It’s hard not to get seduced into enjoying Trouble in Paradise. Ernst Lubitsch‘s 1932 pre-code delights on all levels. Leads Miriam Hopkins, Kay Francis, and Herbert Marshall look their best while giving career high performances. The dialogue they speak with ease is witty, naughty, and quotable. They move about in gorgeous art deco sets. The celebrated Lubitsch Touch makes everything tastefully titillating as word, image, and actor chemistry combine in a tale of triangular romance that leaves no doubt about consummation between its male and female pairings. The question of which lady will win the man solely seems predetermined along class lines, but digging deeper it’s the characters’ attitudes toward work which will divide them.
When Miriam’s “Countess” meets with Marshall’s “Baron,” they’re both working, but they don’t realize that right away. The Baron’s invited the Countess to an assignation in his hotel room. We’ve been shown clues that the Baron is not what he seems. The film starts with a robbery, which we become sure that the Baron committed. There’s a tension in watching what may be a scene of romance or a seduction designed for further larceny. The Baron told his waiter he wanted a clandestine meal that would turn his Juliet into Cleopatra. He will soon learn how calculating the Countess really is! A phone call we’re privy to both ends of dispels her carefully crafted cover.
The Countess shows some signs of recognition first. “You know when I first saw you, I thought you were an American. Someone from another world. So entirely different. Oh. One gets so tired of one’s own class. Princes and counts and dukes and kings.” Her sharp eyes detected something about him from a distance that betrayed the role he was playing. He is from another world and another class. Her boredom of royalty and aristocracy sounds real. When she discovered he is like her, she was happy and “very proud.” What does she know? In which way are they alike? Her words sound equivocal.
Over dinner, she is the one to speak first. She admits visiting him for “a little adventure, but that “something’s changed” her, “and it isn’t the champagne.” What seems to be leading up to confession of love turns into an accusation! “Baron, you are a crook. You robbed the gentleman.” As she returns to eating her meal, he tells her he would have told her everything before she left his room. He, “with love” in his heart, says, “Countess, you are a thief.” He tells her she “tickled” him when lifting his wallet, but he did not mind since her embrace was “so sweet.” A game of one-upmanship becomes foreplay. Each shows what the other stole–his wallet, her pin, his watch, and her garter. The last item earns him gasps of respect and causes her to jump into his lap.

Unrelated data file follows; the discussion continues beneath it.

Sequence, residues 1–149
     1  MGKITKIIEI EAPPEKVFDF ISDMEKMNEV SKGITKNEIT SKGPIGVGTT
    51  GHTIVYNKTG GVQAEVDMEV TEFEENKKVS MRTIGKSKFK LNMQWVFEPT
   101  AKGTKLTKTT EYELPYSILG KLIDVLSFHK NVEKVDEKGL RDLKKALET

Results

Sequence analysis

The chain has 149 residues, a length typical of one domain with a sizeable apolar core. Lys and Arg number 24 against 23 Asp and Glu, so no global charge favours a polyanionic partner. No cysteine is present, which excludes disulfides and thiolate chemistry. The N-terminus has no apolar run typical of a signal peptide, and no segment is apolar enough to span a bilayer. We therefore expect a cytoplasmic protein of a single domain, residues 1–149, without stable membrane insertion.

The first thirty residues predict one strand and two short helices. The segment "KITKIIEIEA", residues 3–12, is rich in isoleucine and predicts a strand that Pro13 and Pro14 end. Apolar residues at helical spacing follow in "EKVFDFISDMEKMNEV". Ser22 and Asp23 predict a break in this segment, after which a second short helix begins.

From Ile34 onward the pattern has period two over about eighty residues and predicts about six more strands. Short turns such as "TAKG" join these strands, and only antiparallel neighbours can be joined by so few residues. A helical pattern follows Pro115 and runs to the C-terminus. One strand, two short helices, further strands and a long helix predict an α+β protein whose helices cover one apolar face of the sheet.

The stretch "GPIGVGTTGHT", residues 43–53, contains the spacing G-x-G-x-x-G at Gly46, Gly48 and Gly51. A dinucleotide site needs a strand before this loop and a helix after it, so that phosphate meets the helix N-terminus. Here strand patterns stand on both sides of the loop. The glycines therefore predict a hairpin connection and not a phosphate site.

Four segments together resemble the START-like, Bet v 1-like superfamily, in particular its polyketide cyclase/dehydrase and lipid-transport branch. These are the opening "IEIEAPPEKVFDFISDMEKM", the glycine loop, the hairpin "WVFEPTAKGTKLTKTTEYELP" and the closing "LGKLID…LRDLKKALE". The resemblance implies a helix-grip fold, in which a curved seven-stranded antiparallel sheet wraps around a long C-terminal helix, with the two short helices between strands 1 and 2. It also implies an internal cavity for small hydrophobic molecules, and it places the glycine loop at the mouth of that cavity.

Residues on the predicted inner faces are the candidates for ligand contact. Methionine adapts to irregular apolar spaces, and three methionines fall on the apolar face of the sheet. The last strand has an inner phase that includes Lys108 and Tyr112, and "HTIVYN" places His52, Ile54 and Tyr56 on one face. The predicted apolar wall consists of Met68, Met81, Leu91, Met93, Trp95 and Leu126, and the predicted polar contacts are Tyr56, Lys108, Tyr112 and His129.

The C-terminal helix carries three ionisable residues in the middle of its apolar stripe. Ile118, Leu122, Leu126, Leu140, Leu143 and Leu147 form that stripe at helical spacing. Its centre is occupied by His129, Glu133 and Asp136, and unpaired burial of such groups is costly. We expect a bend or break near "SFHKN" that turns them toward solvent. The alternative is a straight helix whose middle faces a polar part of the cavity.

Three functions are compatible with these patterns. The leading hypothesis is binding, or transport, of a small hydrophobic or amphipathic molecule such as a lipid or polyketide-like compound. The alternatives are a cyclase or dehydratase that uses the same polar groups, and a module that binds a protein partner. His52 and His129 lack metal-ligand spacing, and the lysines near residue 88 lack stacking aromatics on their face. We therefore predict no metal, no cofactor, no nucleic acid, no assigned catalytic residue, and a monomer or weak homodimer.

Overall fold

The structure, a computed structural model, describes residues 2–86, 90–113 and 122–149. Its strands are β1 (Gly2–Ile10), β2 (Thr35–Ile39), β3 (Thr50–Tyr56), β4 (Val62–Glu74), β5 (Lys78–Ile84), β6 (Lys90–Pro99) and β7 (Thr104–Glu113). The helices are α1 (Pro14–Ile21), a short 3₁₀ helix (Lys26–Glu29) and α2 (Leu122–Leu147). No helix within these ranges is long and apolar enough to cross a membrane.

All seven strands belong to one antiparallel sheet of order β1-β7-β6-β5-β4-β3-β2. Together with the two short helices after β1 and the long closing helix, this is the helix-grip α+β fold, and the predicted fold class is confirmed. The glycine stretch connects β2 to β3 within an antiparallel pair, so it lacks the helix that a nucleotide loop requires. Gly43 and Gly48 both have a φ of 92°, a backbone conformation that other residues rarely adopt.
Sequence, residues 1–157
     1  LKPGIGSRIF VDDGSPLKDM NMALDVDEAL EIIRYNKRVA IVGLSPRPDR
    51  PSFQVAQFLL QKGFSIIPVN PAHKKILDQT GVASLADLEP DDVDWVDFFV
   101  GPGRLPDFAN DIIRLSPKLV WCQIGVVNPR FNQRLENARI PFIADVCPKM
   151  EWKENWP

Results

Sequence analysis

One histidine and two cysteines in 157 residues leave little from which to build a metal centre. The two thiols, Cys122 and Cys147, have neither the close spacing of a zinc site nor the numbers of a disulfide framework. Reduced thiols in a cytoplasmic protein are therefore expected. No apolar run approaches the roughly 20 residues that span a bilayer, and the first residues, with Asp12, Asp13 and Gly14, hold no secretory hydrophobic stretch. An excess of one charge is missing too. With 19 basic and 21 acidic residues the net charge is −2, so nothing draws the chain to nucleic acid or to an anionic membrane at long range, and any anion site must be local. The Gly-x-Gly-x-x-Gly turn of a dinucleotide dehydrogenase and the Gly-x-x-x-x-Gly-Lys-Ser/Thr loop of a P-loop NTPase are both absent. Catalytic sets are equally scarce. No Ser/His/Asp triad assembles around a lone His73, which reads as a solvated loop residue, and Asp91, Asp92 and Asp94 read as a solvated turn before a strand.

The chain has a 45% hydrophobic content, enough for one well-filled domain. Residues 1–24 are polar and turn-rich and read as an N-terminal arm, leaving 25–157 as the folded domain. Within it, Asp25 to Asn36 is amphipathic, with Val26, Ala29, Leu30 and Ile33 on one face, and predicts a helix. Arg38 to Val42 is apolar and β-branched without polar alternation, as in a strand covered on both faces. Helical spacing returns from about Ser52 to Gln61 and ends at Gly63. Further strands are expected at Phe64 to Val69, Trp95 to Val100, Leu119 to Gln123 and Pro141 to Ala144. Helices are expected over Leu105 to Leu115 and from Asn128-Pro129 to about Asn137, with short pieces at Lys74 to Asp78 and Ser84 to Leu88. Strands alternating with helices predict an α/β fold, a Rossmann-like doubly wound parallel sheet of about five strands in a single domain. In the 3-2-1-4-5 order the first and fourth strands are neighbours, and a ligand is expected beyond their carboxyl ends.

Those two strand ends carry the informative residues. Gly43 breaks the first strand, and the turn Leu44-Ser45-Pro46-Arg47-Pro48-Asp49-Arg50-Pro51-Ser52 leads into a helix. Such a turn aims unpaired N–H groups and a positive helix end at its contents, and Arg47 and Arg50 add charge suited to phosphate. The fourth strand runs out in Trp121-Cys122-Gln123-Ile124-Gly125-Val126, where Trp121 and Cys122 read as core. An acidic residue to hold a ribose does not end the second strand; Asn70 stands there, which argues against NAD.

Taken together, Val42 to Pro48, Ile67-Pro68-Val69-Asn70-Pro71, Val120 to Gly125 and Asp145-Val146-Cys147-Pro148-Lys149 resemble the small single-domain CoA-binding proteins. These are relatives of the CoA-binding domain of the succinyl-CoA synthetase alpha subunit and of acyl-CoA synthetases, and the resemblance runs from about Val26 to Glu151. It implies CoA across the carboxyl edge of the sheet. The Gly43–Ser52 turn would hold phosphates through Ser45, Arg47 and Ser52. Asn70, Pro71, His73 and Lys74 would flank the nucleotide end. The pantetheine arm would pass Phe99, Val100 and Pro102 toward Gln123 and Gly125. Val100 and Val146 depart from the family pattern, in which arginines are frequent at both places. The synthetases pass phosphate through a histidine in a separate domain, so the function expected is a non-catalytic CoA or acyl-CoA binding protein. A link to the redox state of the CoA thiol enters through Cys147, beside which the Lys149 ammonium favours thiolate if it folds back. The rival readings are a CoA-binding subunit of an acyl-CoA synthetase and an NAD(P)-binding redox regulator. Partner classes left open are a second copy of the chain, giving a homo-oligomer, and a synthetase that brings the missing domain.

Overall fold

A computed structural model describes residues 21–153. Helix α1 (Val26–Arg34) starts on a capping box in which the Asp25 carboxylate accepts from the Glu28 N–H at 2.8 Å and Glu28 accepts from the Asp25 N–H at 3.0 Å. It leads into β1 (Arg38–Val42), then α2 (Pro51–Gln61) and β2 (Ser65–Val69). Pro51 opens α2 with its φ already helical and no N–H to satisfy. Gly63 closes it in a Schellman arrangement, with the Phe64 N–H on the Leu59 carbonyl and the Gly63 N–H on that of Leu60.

They introduce their real selves to each other. When she asks who he is, he starts by mentioning his most famous theft. He entered the The Bank of Constantinople, and he walked out with it. She’s delighted to learn he is The Gaston Monescu. While she, Lily, is not as well known as he, he gushes, “I loved you the moment I saw you. I’m mad about you.” His terms of endearment are all work-related. To him, she’s “my little shoplifter, my sweet little pickpocket, my darling.” He admires her and her craft. They are alike, and they are in love. A night together turns into almost a year of love and thievery.
Their mistake is stealing from a peace conference. He is caught and relieved of their loot by the police, but he escapes. That leaves them looking for more jobs, like stealing a jewel-encrusted purse from Kay Francis’s Madame Mariette Colet at the opera. She’s a young widow quite loose with her inherited money, and she paid 125,000 francs for a purse evaluated by Gaston to be worth only 40,000 francs. She’s innocent enough to believe it lost, so she advertises a reward of 20,000 francs for its safe return. Since the purse is worth less on the black market, Gaston and Lily decide to return the purse and use the money to celebrate their anniversary.